C.S. Peirce, mechanicalism, and music
Stewart, Arthur Franklin
MetadataShow full item record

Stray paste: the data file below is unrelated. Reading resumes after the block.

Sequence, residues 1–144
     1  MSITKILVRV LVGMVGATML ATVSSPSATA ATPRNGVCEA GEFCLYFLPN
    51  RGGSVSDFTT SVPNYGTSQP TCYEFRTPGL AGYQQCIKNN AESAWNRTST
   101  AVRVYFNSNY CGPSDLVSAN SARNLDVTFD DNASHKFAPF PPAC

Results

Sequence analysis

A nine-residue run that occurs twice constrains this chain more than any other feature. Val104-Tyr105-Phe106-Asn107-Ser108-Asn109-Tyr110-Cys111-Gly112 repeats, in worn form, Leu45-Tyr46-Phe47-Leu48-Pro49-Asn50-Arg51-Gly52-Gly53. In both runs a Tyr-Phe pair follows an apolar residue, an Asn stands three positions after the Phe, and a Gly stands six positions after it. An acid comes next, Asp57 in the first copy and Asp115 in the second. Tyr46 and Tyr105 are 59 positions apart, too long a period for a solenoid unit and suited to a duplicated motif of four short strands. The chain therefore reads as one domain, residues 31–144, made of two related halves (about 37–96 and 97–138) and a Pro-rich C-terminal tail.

C.S. Peirce, Mechanicalism, and Music is an interdisciplinary study which principally involves ideas drawn from music and philosophy. These ideas, as explored, propose useful interconnections between these areas of study. As the main point of philosophical reference, this examination uses aspects from the system of the eminent nineteenth-century American mathematician, scientist, and founder of philosophical pragmatism, Charles Sanders Peirce (1839-1914). Using the method of pragmatism as an overall guide, the present essay proposes the construction of a conceptually developed investigatory instrument to examine and test certain implications of the mechanical and anti-mechanical schools of thought found in the phenomenology of music, and to present from this examination a line of reasoning useful to the musical artist who seeks a rational choice between these schools. Writings by the pianists/teachers Walter Gieseking (1895-1956) and Artur Schnabel (1882-1951) are among the sources employed to illustrate aspects of the mechanical and anti-mechanical positions in music. Extra-musical materials are used to form structural models of these two musical positions, models by which the examinations and tests of these positions are conducted. These materials include items from the subjects of formal logic, mathematics, mathematical logic, and machine computability. Among the selected figures whose efforts illustrate these subjects are, respectively, Alan Marquand (1853-1924), David Hilbert (1862-1943), and Alan Turing (1912-1954). Published and unpublished materials by Peirce are used throughout.